Another cellophane-wrapped gift for Emomali Rakhmon in Dushanbe
Another explosion in the capital of Tajikistan (and not the first one this year) reminded general public of the series of similar explosions in Tashkent on the eve of parliamentary and presidential elections there in 1999. The Islamic Movement of Uzbekistan organized those explosions in front of the presidential palace, parliament, and Embassy of the Russian Federation. It was a message to official Tashkent from Namangan, an indication that gunmen there were no longer content with the Ferghana Valley alone and reckoned themselves ready to challenge the hateful regime of Islam Karimov.
The Tajik situation bears but a remote resemblance to what happened in Uzbekistan eight years ago. The Tajik authorities do not identify the political force that could arrange the explosions in Dushanbe - and do not appear to be particularly anxious to do so. Why bother, indeed? Whoever is seeking an answer to this question will be probably treated to long-winded elaborations on international terrorism that recognizes no state borders and on "certain forces determined to compromise stability" in the republic under Emomali Rakhmon. That will be all by way of explanations. Meanwhile, nearly identical explosions in front of the Supreme Court in Dushanbe took place five months ago. How come the authorities never identified the terrorists - or at least got a clue as to who could arrange the explosions? How come no effort was made to introduce the new enemy to Tajik society living in comparative stability since the civil war of the 1990s? Small explosive devices regularly go off but whoever sets them off remains unanimous. In fact, regarding what happens in Dushanbe every now and then as terrorist acts requires a certain stretch of imagination (particularly the latest explosion where a hapless street-sweeper alone perished).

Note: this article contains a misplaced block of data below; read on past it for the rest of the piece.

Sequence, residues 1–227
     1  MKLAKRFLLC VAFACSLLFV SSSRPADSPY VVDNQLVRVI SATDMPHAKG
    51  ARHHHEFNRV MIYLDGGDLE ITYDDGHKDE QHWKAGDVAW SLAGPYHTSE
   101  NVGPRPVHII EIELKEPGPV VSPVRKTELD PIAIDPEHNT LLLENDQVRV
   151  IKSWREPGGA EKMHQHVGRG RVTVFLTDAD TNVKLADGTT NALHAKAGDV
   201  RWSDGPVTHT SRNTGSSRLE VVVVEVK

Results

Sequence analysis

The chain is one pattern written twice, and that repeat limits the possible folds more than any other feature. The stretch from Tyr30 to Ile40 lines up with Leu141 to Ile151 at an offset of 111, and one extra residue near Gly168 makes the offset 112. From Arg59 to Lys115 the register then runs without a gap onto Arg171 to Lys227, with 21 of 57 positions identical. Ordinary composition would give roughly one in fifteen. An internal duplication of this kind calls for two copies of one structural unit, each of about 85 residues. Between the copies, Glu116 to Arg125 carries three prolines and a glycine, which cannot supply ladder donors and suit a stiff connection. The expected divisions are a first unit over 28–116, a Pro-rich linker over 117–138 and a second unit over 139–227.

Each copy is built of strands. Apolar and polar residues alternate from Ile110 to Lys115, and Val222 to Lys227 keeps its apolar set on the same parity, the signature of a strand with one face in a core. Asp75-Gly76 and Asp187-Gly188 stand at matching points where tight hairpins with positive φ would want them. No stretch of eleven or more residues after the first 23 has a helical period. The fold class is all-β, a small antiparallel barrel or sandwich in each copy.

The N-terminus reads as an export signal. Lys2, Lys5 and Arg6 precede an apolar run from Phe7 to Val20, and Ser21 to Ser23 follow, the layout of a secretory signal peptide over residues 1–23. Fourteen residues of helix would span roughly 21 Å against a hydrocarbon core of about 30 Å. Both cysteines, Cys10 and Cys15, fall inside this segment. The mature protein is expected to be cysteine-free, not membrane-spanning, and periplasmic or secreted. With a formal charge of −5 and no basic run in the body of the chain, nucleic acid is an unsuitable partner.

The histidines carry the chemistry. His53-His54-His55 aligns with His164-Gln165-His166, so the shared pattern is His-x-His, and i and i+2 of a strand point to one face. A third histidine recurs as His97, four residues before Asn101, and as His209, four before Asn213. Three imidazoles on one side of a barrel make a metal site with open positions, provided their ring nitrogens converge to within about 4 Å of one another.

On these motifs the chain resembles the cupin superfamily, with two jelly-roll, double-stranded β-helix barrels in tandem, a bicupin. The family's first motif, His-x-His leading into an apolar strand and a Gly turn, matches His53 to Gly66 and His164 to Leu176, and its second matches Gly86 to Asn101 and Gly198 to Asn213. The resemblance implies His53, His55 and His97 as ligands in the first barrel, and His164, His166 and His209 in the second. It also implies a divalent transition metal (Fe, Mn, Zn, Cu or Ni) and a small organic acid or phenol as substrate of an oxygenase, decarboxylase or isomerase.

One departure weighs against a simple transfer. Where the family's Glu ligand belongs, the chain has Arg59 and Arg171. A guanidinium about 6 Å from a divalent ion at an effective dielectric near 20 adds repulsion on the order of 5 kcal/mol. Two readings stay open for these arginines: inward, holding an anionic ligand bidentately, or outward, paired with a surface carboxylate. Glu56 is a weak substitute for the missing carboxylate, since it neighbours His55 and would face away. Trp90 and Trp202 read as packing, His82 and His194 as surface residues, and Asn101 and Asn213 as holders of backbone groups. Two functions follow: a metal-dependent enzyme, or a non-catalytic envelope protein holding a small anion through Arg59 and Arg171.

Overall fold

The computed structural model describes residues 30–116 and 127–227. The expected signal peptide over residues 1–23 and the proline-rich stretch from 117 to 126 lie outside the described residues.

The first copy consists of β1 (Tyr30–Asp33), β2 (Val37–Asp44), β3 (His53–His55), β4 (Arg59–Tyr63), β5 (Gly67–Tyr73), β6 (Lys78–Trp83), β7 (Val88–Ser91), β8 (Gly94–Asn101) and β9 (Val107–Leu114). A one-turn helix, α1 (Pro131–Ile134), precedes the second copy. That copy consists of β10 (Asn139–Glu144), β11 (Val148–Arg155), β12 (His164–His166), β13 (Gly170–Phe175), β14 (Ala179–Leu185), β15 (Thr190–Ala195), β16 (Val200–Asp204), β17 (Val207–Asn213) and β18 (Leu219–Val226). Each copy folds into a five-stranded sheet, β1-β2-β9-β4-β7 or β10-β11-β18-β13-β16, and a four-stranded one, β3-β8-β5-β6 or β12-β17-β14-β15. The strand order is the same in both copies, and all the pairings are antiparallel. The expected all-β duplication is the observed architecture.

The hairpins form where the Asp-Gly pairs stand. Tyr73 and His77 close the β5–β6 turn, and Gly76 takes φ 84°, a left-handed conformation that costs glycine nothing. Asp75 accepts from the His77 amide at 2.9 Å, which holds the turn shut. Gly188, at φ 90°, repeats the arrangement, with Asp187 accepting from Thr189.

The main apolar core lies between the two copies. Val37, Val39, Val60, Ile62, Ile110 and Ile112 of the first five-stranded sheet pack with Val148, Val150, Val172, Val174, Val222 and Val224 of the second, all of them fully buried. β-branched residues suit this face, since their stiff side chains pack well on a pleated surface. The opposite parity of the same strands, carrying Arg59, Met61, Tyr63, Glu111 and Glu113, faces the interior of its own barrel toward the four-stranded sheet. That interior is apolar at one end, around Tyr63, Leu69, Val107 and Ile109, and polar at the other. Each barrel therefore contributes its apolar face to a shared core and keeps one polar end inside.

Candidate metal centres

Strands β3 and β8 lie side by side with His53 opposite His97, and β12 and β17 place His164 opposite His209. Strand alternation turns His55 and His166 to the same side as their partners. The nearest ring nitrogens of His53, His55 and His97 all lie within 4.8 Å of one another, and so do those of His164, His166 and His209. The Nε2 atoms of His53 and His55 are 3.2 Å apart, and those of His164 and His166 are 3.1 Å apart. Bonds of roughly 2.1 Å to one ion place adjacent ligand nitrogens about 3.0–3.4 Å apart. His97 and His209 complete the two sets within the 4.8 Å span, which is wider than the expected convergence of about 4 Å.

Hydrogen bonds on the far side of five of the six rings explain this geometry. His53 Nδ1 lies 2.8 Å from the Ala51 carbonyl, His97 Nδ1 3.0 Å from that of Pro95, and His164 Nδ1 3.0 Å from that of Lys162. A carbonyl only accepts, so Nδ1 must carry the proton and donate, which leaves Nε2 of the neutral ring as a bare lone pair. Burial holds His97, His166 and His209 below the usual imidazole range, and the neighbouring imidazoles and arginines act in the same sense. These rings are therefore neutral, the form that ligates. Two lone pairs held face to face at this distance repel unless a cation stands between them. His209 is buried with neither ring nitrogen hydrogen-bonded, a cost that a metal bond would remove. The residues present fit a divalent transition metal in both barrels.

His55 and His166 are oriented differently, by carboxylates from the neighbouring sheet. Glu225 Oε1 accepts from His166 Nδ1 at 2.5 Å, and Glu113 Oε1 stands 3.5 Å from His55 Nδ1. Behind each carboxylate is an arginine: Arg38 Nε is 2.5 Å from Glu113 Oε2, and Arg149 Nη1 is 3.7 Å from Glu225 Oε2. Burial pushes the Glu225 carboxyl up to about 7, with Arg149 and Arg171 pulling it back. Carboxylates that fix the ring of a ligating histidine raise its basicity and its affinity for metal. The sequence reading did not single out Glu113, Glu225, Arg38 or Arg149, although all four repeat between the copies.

In a word, if it is some shy Islamists who are involved, then they do not promote their cause - or whatever passed for it - at all. This explosion will definitely fade from memory in a week or two. Neither was anybody particularly frightened, nor stability of Rakhmon's regime was compromised. The explosion has certainly failed to leave a mark. Sure, one may always argue that the Tajik underground is weak and that this is probably all it can come up with...
All the same, the terrorist act was definitely odd. Paradoxical as it may appear, but the authorities alone may benefit from it (the way they have in all analogous episodes before). Islamic fundamentalism may be a deadly threat to the regime - but only when it exists as a threat. Consider Iraq, Afghanistan, or Pakistan where Islamic fundamentalists overrun whole cities which the regular army and police hasten to vacate. When the threat of the Islamic fundamentalism is so vague as it seems to be in Tajikistan, however, ritualistic references to it merely help the regime to handle domestic and foreign problems through appeals to the international community. In other words, the culprits in Dushanbe have only played into Rakhmon's hands.
Sergei Strokan, Kommersant, November 15, 2007, p. 9 © Translated by Ferghana.Ru